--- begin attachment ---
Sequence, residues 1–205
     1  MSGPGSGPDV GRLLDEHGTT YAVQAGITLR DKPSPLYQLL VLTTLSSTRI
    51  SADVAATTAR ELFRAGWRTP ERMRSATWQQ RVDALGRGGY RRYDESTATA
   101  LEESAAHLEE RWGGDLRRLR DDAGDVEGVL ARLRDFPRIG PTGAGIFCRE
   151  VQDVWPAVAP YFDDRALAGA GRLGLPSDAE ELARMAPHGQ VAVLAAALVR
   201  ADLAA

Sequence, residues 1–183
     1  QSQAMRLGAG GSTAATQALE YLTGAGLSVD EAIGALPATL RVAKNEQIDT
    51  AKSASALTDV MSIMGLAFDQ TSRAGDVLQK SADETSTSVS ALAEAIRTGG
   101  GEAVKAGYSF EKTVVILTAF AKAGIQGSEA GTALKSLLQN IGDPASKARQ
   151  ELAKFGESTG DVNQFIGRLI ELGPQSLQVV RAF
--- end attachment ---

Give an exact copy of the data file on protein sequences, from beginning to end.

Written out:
Sequence, residues 1–205
     1  MSGPGSGPDV GRLLDEHGTT YAVQAGITLR DKPSPLYQLL VLTTLSSTRI
    51  SADVAATTAR ELFRAGWRTP ERMRSATWQQ RVDALGRGGY RRYDESTATA
   101  LEESAAHLEE RWGGDLRRLR DDAGDVEGVL ARLRDFPRIG PTGAGIFCRE
   151  VQDVWPAVAP YFDDRALAGA GRLGLPSDAE ELARMAPHGQ VAVLAAALVR
   201  ADLAA

Sequence, residues 1–183
     1  QSQAMRLGAG GSTAATQALE YLTGAGLSVD EAIGALPATL RVAKNEQIDT
    51  AKSASALTDV MSIMGLAFDQ TSRAGDVLQK SADETSTSVS ALAEAIRTGG
   101  GEAVKAGYSF EKTVVILTAF AKAGIQGSEA GTALKSLLQN IGDPASKARQ
   151  ELAKFGESTG DVNQFIGRLI ELGPQSLQVV RAF